DOWNTOWN — Despite a rocky economy this past year, 62 percent of Santa Monica residents claimed their shopping habits remained unchanged, according to a local spending survey conducted by city officials and business interests.
The survey, taken by 732 people, aimed to track the local spending habits of Santa Monica residents and employees as part of the Buy Local Santa Monica campaign, which encourages people to shop at Santa Monica businesses.
Jennifer Taylor, senior development analyst at City Hall’s Economic Development Department, said she believes despite the economy, Santa Monica residents have not changed their local spending because of the quality and uniqueness of businesses here and the premium placed on buying local.
“People geuninely value local businesses and want to support them,” Taylor said.
Purchasing practices during a recession aside, the goal of the survey was to breakdown spending habits in order to better understand where and why Santa Monica residents shop and what the Buy Local Committee can do to enhance local shopping and aid the 105 local businesses associated with Buy Local.
With the help of Santa Monica College students trained during a two-hour session and the Bayside Downtown Ambassadors, Buy Local Committee members distributed surveys at events like the Pico Art Walk and the Main Street Summer Soulstice.
“We try to go to different parts of the city where we knew we’d get a lot of people,” Taylor said. “The feedback is incredibly valuable to us.”
Of those surveyed, 67 percent are Santa Monica residents, the rest employees in Santa Monica or shoppers from nearby areas.
People who only work in Santa Monica are important because of their need for lunch and daytime shopping options.
Scott Rader, for example, works in Santa Monica, but lives elsewhere. While he primarily shops near his home, he goes to the Third Street Promenade when he needs something during the day. To reach people like Rader, the group purposely targeted Wednesday Farmers’ Markets instead of Saturdays.
Additional demographics taken into consideration are adjacent cities, like Venice, Brentwood and the Pacific Palisades. Taylor said although these people do not live directly in Santa Monica, they consider shopping here as local.
Results showed that residents believe shopping locally is important.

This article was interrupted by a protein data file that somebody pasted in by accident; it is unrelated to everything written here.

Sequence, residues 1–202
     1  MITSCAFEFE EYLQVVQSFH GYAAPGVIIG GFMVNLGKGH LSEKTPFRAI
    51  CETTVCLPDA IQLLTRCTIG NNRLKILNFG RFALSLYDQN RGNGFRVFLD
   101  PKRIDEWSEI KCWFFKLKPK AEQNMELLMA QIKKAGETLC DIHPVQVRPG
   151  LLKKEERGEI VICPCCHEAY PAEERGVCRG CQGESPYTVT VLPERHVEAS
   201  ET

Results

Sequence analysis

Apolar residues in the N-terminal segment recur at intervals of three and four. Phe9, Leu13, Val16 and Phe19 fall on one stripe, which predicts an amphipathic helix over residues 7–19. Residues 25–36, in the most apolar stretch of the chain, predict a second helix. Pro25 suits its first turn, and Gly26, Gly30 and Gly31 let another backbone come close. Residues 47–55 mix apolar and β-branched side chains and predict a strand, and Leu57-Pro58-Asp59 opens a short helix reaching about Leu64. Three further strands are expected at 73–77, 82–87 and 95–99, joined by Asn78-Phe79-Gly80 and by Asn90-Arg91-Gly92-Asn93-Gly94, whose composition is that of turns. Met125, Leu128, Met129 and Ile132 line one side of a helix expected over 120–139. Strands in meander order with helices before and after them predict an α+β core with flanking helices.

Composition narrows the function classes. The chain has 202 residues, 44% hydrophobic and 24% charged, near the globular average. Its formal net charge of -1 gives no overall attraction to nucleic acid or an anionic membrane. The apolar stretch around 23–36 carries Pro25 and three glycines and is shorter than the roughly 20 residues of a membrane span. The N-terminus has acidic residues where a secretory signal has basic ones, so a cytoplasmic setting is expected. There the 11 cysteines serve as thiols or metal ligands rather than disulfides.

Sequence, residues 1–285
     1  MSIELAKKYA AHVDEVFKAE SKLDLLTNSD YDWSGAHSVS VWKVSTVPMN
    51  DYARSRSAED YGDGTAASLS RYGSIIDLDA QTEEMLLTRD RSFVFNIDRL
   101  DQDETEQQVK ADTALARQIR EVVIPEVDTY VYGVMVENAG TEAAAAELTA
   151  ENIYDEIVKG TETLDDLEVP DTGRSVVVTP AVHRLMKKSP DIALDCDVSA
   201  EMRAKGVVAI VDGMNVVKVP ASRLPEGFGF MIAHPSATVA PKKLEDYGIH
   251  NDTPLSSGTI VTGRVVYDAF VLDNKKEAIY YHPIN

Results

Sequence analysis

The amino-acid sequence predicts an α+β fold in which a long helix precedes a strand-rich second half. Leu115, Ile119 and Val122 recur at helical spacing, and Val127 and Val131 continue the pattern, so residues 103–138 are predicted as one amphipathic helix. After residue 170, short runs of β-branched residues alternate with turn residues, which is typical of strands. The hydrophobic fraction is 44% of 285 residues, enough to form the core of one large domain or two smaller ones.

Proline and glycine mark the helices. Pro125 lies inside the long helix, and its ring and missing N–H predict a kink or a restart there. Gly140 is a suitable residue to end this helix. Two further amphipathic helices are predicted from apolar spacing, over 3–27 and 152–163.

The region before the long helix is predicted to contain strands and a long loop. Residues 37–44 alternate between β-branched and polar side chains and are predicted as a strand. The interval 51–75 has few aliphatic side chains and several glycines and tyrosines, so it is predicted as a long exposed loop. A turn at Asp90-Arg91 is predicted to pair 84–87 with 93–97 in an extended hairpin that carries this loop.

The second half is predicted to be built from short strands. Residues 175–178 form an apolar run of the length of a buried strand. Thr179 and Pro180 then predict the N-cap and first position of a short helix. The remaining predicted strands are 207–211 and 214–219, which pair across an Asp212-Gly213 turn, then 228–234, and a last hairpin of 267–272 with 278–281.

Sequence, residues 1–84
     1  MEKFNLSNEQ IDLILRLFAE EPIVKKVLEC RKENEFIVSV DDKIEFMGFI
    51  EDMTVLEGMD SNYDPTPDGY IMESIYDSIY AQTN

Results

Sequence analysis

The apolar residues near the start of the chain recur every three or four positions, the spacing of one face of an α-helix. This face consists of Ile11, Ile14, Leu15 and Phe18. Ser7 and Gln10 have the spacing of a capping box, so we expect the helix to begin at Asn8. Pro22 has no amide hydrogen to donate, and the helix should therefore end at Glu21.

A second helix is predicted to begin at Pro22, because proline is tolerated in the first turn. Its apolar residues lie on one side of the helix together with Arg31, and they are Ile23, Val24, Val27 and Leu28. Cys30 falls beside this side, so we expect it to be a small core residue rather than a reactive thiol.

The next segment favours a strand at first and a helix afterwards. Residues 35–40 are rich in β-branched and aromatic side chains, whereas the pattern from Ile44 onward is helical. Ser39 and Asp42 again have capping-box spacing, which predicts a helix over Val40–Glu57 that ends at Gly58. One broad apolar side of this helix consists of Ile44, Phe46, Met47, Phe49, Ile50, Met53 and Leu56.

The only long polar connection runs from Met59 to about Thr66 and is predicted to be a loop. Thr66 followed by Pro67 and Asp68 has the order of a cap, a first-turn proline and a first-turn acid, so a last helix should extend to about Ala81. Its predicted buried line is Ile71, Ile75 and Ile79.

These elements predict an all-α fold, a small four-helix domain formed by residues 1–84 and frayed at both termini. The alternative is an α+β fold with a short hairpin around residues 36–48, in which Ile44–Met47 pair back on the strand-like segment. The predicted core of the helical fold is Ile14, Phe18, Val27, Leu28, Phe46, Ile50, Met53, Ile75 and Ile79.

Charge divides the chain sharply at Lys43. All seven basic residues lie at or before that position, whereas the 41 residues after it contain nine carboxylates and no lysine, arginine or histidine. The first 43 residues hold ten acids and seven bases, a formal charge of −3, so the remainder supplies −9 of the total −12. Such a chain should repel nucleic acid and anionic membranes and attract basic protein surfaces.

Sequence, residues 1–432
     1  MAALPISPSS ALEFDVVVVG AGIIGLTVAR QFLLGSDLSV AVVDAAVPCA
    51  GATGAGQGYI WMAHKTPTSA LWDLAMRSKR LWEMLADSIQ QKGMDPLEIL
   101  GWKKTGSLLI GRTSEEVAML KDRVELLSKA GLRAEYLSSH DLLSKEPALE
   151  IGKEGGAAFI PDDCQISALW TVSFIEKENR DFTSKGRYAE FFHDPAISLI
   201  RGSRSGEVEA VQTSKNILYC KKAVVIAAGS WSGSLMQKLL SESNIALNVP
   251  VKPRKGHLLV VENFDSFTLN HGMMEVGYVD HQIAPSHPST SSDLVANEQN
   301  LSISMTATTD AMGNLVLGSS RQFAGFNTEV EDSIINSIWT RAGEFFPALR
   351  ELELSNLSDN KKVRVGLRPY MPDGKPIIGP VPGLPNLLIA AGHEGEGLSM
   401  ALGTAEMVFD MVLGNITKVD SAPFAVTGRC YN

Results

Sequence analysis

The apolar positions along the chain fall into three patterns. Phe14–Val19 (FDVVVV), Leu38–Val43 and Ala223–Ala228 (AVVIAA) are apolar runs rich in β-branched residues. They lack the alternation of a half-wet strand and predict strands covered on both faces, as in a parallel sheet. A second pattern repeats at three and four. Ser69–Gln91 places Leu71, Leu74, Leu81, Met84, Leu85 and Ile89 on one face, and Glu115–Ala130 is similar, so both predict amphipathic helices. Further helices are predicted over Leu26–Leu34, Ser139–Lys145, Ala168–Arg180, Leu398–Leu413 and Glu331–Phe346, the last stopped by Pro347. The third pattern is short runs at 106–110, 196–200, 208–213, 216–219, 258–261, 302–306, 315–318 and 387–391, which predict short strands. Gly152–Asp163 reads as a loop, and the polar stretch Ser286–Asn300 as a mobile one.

“I’m loyal to my community,” said Santa Monica resident Anne Pearson. She said she enjoys watching local businesses thrive.
From the survey results, the committee was able to determine how to make local shopping a better experience for people like Pearson, whether through informing them what new business would attract patrons or if they need to better publicize the businesses already here.
For example, one major reason for shopping elsewhere was variety, with many survey participants noting a lack of ethnic dining options and stores like Target. However, Taylor said there are plenty of ethnic restaurants, such as Dhaba Cuisine of Indian on Main Street, but people in parts of the city farther from these locations might not know about them. Thanks to the survey, committee members now know better marketing is needed for these restaurants.
Cost and parking were also listed as reasons residents travel elsewhere to shop, but also factors that would draw them back to Santa Monica if improved. Taylor said the problem of parking is one of perception than reality, though, and committee members are working to make more parking available during weekends and evenings.
Regardless of any complaints found in the survey, 75 percent of Santa Monica residents said buying local is important.
“It was good to have that validated,” Taylor said. “Local residents … understand and value local businesses.”
Debbie Lee with Bayside said the survey will help economic development in terms of looking at what types of businesses to attract and expanding services that might be missing. Additionally, it encourages people to explore Santa Monica more for shops that fit their needs that they might not have noticed previously.
“You might walk by the store 100 times” but not notice it, Lee said.